Editor’s note: A previous version of the article misstated that the incident occurred Sept. 17. The Collegian regrets its error.
Video by Kay Bennett, CTV11.
After falling 300 feet while hiking, two members of the Colorado State University community decided to share their story in order to heed warning and give advice to other hikers.
Alexandra Anderson, a senior studying natural resources, and Sean Supple, a CSU alumnus, are avid hikers and spend large portions of their free time enjoying the Colorado outdoors. Together, they have both conquered a number of fourteeners and may be considered far from amateur outdoorsmen. Even for people as experienced as they are, the reminder that things can change and go from good to bad in an instant makes itself apparent through their story.
Both Anderson and Supple set out Sept. 13 to climb Kit Carson Peak in the Sangre de Cristo Range in southern Colorado. On the way back down, they quickly found themselves off-trail.
“It happened really quickly, we just got lost so quickly,” Supple said.
According to Supple, they encountered two other hikers who told them they could go up and over and find their way back. The two hikers assured the couple that it would be an easy route back. Having little options, resources or daylight left, the couple trusted them and decided to take their advice.
Supple and Anderson said they hiked up a rocky couloir and started down the other side. They made it about a third of the way down the other side of the rock and snow covered couloir before Sean lost his footing and started to tumble down. He hit several rocks on his way down and stopped just short of the snow.
“Out of no where, the rock just gave out,” Supple said. “It was a really scary moment, you feel like you’re going to die. I looked back up and thought, how am I still alive right now?”
Supple said he immediately pulled out his phone and called the Costilla County Sheriff’s Department and tried to tell Anderson to stay put.
Anderson, having just witnessed her boyfriend’s horrifying fall and unable to hear him, said she tried to climb down. She hit a point in the couloir where it was all ice and she began to slide before tumbling down as well, hitting rocks on her way down. She never lost consciousness throughout the fall.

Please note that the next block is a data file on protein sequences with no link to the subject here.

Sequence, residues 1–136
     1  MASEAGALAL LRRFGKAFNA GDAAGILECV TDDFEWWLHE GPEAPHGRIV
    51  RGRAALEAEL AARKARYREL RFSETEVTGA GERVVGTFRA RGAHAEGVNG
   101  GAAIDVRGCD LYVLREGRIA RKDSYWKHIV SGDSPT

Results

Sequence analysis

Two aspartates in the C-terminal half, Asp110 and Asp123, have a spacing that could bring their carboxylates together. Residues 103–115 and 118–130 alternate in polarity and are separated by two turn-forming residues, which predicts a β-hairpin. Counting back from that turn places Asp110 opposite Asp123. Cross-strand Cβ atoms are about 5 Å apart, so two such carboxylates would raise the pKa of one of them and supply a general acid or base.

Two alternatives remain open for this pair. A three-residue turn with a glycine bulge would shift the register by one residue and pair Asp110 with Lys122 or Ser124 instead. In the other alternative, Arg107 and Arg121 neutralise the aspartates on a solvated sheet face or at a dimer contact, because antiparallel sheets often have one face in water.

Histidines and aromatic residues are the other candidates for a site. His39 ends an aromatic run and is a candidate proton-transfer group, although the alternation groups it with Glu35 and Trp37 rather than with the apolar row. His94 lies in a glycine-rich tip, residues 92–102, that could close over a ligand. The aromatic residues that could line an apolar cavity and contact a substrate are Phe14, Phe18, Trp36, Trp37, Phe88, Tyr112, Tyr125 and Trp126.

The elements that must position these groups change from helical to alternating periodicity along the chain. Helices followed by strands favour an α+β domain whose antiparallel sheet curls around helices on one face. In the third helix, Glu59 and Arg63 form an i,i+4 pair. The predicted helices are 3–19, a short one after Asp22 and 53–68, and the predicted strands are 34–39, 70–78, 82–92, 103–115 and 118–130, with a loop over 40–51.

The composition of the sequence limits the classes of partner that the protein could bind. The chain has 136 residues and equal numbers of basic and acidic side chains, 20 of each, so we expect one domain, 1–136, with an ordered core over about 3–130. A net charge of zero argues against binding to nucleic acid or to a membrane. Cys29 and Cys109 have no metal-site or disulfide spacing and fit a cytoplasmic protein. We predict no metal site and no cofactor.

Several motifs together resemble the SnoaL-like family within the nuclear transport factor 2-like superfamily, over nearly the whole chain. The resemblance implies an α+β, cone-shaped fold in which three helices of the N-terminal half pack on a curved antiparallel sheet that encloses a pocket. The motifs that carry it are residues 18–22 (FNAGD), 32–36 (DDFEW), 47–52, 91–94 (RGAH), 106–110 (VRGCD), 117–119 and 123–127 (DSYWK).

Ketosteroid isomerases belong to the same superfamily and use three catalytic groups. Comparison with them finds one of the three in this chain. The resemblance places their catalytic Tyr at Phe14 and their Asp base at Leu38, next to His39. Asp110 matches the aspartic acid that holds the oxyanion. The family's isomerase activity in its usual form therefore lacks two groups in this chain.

“It was all ice and I started slipping,” Anderson said. “I thought that was it. I thought I was dying. Next thing I saw was him on his phone, and he was reaching out and touching my face because I had all of this blood pouring down my face.”
Unsure if the rescue helicopter would be able find them, the couple decided to keep hiking in hopes of finding their things and possibly shelter before dark. Alexandra broke both of her arms, gashed her head open and bruised a lung. Sean’s injuries included cuts all over his hands and back.
“The hike down was a little rough, having two broken arms, but it wasn’t going to stop me,” Anderson said.
Three hours later, the Flight for Life helicopter was able to locate them and airlift them out. Anderson and Supple said they felt incredibly thankful and lucky to be alive.
The main points of advice the couple wanted to make were to be prepared when hiking by doing plenty of research ahead of time, leaving markers on the way up, bringing a GPS system and being equipped to spend the night.
“Be overprepared with the gear that you have,” Supple said. “Have enough gear to be prepared to spend the night on the mountain.”
With the support of friends and family, both Sean and Alexandra are making speedy recoveries and moving on from the ordeal.
“Everyone thinks that this is something that can’t happen to them, but it absolutely can,” Supple said. “Understand the situations you’re getting yourself into.”
Collegian Reporter Neall Denman can be reached at firstname.lastname@example.org or on Twitter @nealldenman.